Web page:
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July 2015 Archives

DWI charge stands for driver with .066 blood-alcohol conentration

Every state in the United States has a legal limit for the blood-alcohol concentration of drivers. New York's limit for drivers is .08 percent. That number can often have a big impact on a person's charges if he or she is arrested for drunk driving. A recent case involving a man who is said to have T-boned a limousine carrying eight women is proving to be an interesting one.

A defense must encompass considerations for all your charges

In our most recent blog posts, we have discussed how some drunk driving incidents can lead to charges of vehicular assault. We have also discussed how a DUI conviction can impede your chances of getting a job. We also discussed how a DUI stop might lead to arrest, search and seizure. After reading through all of those posts, it might become evident just how much of an impact a drunk driving charge can have on your life.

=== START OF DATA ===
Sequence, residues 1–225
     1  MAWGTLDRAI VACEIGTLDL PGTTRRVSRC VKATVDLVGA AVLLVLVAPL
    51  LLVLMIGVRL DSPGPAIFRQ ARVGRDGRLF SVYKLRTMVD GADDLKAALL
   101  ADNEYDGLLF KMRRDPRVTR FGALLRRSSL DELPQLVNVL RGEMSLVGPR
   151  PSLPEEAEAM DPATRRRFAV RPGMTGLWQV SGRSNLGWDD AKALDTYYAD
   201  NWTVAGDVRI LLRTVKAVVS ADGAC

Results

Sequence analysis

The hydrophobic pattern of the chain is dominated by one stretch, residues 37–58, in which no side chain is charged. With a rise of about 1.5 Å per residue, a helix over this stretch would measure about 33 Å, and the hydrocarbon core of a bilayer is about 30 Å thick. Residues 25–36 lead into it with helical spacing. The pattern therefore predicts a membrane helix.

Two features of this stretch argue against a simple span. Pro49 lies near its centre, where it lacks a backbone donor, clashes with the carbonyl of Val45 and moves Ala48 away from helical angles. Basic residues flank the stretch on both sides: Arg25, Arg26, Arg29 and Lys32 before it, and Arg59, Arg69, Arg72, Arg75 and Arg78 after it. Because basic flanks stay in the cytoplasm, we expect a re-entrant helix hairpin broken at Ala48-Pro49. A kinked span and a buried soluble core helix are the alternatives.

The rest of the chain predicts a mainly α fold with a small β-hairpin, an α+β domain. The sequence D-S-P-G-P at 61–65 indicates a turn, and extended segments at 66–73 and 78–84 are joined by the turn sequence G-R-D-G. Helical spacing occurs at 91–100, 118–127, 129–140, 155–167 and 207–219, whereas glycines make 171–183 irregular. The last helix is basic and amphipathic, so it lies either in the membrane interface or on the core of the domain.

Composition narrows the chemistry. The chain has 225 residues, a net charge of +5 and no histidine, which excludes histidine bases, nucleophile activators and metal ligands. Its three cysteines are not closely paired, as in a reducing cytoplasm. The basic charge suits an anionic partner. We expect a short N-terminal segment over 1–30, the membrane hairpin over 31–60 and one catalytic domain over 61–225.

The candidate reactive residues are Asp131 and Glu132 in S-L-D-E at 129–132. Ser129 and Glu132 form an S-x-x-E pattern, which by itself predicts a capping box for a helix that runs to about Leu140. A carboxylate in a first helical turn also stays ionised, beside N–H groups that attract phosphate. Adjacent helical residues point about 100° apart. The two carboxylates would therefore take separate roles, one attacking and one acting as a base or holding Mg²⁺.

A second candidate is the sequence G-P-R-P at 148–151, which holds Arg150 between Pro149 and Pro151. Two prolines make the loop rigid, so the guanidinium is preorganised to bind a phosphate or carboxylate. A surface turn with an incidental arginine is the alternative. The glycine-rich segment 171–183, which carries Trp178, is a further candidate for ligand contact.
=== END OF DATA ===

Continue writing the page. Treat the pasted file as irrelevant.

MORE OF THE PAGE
What are the requirements for arrest, search and seizure?

There are many questions that can go through a person's mind when he or she is being accused of drunk driving. In some cases, those questions have to do with the legalities of what is happening. Some of those questions might pertain to your Fourth Amendment rights regarding arrest, search and seizure. Knowing the answers to common questions ahead of time might help you to spot illegal methods that may be used during a drunk driving incident.

How might a DUI conviction impede my chances of finding a job?

We have often discussed how being convicted of drunk driving can alter every aspect of your life. Many people might not realize how far-reaching those impacts can be. While many people realize that a DUI conviction can stop you from getting a job that requires you to drive, some people might not realize that it can also stop you from getting other jobs.

Vehicular assault can stem from negligence

When you think of standard types of assault charges, they usually come from some deliberate action being taken on the part of the person who is being charged. This could be a violent physical action, a threat, the use of intimidation or something of this nature. While it may happen in the heat of the moment, it is still usually intentional.